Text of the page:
Always out here. Looking for . . .

I don’t remember exactly how I “found” Suleika Jaouad, but I discovered her Isolation Journals project in the early days of the pandemic back in 2020. It was such a refreshing little island for me in that sea of despair. Maybe you’re familiar with Suleika yourself . . . through her Isolation Journals project . . . or maybe from her poignant “Life, Interrupted” column written for the New York Times (a decade ago now) about her life as a young woman with cancer. . . or maybe you know her as Jon Batiste’s wife (which she is) . . . or maybe you’ve read her beautiful memoir, Between Two Kingdoms. And if you haven’t “found” her yet, well. Maybe you’d like to. (Click any of the links I’ve provided for a way in to Suleika’s world.)

Suleika, you see . . . is a force.

She has a particularly nasty and aggressive form of leukemia, diagnosed at age 22 — just as she was embarking on her life post-college, full of dreams and aspirations and hope. She’s gone through unimaginably difficult treatment protocols for her cancer. She’s suffered side effects and related, life-threatening infections from those treatments. She has relapsed. She has gone through it all again. She has survived. She has thrived. She has figured out how to live with this disease hanging over her head. And . . . she’s figured out how to hope.

Often, when I’m feeling overwhelmed or out of sorts or worried about the world or just plain feeling sorry for myself, I ask myself . . . What would Suleika do?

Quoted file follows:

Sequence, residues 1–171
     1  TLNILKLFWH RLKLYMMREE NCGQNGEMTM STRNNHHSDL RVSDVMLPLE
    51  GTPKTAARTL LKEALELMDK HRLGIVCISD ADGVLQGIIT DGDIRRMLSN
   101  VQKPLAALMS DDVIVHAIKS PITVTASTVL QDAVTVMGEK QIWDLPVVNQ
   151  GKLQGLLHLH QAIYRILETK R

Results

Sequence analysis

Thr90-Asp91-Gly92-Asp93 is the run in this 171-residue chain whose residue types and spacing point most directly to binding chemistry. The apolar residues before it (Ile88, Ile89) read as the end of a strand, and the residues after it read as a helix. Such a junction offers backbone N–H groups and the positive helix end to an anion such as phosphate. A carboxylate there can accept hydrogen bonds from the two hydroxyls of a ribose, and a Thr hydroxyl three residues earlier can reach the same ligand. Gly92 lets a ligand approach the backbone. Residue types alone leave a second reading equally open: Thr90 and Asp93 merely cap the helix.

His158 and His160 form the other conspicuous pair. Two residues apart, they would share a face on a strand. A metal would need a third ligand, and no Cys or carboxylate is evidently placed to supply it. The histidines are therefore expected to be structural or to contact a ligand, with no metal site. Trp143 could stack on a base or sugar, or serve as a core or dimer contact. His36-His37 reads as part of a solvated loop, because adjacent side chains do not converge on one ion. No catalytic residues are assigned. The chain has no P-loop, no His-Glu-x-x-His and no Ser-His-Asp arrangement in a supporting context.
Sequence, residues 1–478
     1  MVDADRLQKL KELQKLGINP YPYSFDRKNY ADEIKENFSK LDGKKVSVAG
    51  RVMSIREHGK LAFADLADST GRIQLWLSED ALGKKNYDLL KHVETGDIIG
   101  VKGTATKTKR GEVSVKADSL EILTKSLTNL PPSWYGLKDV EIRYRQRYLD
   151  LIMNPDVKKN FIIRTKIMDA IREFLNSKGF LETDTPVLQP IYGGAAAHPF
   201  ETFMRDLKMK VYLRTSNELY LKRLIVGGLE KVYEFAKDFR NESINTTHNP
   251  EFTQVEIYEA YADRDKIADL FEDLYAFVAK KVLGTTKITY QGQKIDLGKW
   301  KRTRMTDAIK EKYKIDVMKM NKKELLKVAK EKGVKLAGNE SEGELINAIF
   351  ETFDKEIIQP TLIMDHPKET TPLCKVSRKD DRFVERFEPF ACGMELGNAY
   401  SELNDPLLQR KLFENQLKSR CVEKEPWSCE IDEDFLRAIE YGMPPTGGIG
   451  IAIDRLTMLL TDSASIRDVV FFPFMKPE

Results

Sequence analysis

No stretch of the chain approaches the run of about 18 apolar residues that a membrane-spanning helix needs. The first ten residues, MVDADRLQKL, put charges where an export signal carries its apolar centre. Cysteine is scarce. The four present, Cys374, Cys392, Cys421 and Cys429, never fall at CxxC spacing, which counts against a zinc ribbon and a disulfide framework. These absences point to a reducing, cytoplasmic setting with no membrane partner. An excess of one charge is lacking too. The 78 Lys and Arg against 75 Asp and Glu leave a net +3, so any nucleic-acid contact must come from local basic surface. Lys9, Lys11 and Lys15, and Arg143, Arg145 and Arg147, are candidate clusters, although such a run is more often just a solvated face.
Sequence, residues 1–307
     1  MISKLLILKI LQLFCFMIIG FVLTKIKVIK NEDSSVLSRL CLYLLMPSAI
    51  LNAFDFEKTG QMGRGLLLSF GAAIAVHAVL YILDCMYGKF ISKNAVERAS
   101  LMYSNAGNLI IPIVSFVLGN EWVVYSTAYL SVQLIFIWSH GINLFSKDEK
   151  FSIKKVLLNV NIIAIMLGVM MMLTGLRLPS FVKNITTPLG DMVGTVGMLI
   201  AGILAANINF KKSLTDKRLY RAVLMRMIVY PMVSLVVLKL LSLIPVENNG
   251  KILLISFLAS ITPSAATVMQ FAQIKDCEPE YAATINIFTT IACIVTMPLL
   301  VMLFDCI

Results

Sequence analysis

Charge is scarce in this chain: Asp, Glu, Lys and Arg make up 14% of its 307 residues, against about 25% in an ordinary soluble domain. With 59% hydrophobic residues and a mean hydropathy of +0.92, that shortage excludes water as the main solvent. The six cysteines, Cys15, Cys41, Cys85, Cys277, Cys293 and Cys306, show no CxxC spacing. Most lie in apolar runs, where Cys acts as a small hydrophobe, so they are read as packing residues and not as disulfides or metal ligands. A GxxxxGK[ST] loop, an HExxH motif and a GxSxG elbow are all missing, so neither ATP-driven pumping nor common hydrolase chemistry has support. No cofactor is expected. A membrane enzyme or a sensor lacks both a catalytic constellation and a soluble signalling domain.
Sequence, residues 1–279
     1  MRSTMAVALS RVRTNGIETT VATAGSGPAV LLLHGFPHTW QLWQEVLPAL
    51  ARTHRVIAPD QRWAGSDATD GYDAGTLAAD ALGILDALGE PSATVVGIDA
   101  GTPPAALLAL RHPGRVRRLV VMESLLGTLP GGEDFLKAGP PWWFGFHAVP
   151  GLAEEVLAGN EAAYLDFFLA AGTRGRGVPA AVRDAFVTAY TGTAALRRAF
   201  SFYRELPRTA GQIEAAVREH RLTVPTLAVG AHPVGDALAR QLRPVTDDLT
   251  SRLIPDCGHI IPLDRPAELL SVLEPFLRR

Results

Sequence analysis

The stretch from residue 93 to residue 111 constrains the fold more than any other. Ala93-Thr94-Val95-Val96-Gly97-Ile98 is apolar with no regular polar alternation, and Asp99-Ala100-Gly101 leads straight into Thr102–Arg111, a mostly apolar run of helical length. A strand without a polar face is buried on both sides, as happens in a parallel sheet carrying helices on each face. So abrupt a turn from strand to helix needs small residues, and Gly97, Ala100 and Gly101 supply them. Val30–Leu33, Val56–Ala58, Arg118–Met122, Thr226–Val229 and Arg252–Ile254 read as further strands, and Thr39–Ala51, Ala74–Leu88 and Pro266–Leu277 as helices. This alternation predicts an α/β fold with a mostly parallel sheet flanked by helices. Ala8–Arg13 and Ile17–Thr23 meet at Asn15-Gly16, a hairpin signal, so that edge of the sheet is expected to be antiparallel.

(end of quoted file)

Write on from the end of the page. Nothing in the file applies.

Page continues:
And sometimes, I get an answer.

Yesterday, for example, I opened up Instagram and saw a post from Suleika. This post featured adorable photos of a new pup she had just adopted, adding a second dog into her life. The post included her explanation . . . of how she came to choose adopting another dog when her life is always teetering at the edge of a relapse. Here is part of her comment (you can click here to read her entire post, which includes photos of her most precious and beloved dogs).

Of course, the prospect of a second dog brought up concerns that had nothing to do with a puppy, but the question that haunts every major life decision: my health and the possibility of relapse.

But I know in my bones that to be cowed by the specter of relapse is no way to live. To make decisions with that fear as my focal point makes it very hard to get out of bed. It would be impossible to make any long term commitments. The usual markers, like the five-year milestone where you’re considered cured, no longer apply to me.

What to do in the wake of that—when time feels like a waiting room? The conventional wisdom here is very carpe diem. It’s that you should live every day as if it’s your last. But I’ve left that adage behind. Not only does it have a doomsday cast to it, when we think in those terms, the focus is on what we can take. It’s “What can I wrench out of life?” as opposed to “What can I give?”

Instead, my guiding principle is to meet every day as if it’s my first—to welcome each new morning with the wonder and curiosity of a newborn. Rather than what I can get out of this life, I’ve reoriented my gaze to what feels life-giving—both to my own sense of well-being and to those around me.
— Suleika Jaouad

That, my friends, is what hope is all about.


Here’s to a good weekend for all of us.
A weekend filled with hope.
See you on Tuesday!